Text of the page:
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Something old, something new

May 12, 2003|by Chris Copley

chrisc@herald-mail.com

Timbre Day of Hagerstown walks into the kitchen of her 86-year-old house and feels a bit defensive.

The large, tall-ceilinged room has many new features: maple cupboards, a modern L-shaped bar, new windows, a new sink and warm, yellow paint on the walls.

But large expanses of wall are bare, obviously incomplete. Trim is uninstalled. Electrical wiring is coiled against one wall. The back door is worn and smudged. The kitchen-renovation project is incomplete.

"It looks like there's so much still to do here," she says. "But we've replaced all the wiring in the house, replumbed it, taken every wall down to the studs except the front wall.

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"We did major work, compared to what other people do. But my house needed it. And the kitchen was the worst room in the house."

Old house, big renovation


Old houses, with years of wear, require more maintenance and renovation than newer houses. Day says she accepts that.

"I just always loved old houses," she says. "I've never lived in a new house."

David Gibney, owner of Historic Restoration Specialists in Smithsburg, restores old structures. He says older structures have charms newer houses don't have.

"New houses are sterile and plastic," he says. "Old houses have a lot of character and warmth."

He readily admits problems and eccentricities go along with that warmth. You have to accept old houses as they are.

"My clients are wonderful people," Gibney says. "They don't care that floors are out of level and rooms are drafty sometimes. They say, 'That's an older house.'"

Gibney helped Day and her husband, Andy, renovate their house. Andy Day is a master electrician. Timbre Day says her husband trades work and materials with other contractors to keep costs down on the Days' house renovation project.

"We never could have got this work done without David and my brother-in-law and other contractors," Day says.

The Days' renovation is fairly straightforward, but not all renovations are, according to Gibney.

"We're doing a job outside Shepherdstown (W.Va.) and ran into a can of worms," he says. "We're pulling up the floor and find there's not really a foundation. We have to put one in. That can be devastating to the budget. Ten percent of the houses have an unforeseen problem like that."

Stripped down, built up


Standing in her kitchen, Day shows photos of the room stripped to its bones. In one, a white-framed window hangs in a dark, wooden wall - the north wall of the kitchen, where the sink is now. Another photo shows a stud wall with a door and window - the now-removed back wall of the once tiny kitchen.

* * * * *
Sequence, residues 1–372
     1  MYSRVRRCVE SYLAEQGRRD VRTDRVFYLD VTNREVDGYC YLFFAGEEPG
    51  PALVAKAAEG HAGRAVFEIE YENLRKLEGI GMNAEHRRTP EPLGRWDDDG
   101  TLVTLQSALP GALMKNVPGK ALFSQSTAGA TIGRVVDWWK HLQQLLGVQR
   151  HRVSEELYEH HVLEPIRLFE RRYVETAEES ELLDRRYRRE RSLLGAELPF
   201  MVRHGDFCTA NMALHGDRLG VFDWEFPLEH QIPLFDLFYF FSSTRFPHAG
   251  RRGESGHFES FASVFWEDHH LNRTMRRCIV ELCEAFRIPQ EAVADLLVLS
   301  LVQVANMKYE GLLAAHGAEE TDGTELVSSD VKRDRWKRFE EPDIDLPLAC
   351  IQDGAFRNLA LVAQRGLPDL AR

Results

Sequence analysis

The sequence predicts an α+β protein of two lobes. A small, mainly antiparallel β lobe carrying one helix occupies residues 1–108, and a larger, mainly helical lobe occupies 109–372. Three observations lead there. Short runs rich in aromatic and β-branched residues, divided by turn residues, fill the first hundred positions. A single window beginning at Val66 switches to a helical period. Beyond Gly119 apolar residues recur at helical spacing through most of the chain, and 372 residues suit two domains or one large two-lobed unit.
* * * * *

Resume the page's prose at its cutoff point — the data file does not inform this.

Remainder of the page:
With the wall and a butler's pantry removed and a porch walled in, Day's kitchen is now spacious. Once, the kitchen was so squeezed for space, the family could not open the fridge door while eating at the kitchen table. Now, there's room to make food, eat at a table, even socialize - like most modern kitchens.

But some of the renovations tore at Day's heart. Removing a butler's pantry brought desperately needed room to the kitchen but erased a charming period feature of the old house. Day saved the old window in the north wall but installed three new windows in the west wall. And the kitchen's recessed ceiling lights are not at all consistent with the early 20th-century architecture.

"You have to make compromises," she says.

And you have to get permission.

A permit for outside


Significant renovations and repairs to the exterior of houses in one of four historic districts in the City of Hagerstown require approval from the Hagerstown Preservation Design District Commission in order to get a building permit.

"If you're in one of the locally zoned historical districts and doing an exterior project, you have to go to preservation commision," says Kathleen Mayer, former Hagerstown zoning administrator. "Not for everything. You can change your door without a building permit, you can paint, you can install siding, you can change the railings on your porch without a building permit.

"Basically, major changes, structural issues - that's when you come before the preservation commission."

The commission is charged with maintaining the nature of the historic districts, Mayer says. Using federal historic standards personalized for Hagerstown, the commission evaluates the permit request, talks with the homeowner and makes a decision. The homeowner must meet with the commission before a decision may be made.

Renovating or replacing a porch is a common proposal before the commission, Mayer says. The commission's concern is simply to make sure the project maintains period details.

"Sometimes people don't want to preserve old columns or cornice work," Mayer says. "Typically, it's investors - a rental situation - who object. They'd rather just put up pressure-treated posts because it's cheaper. If someone has a porch with historic value, they're going to have a hard time getting (permission to replace that with pressure-treated posts)."

The commission's purpose is to prevent erosion of the historic texture of designated areas of Hagerstown, Mayer says.

"The historic districts were created to protect something important to Hagerstown's past," she says. "Once you start removing those features, you wind up with no district. It's the collection of features - that's what makes it historic.

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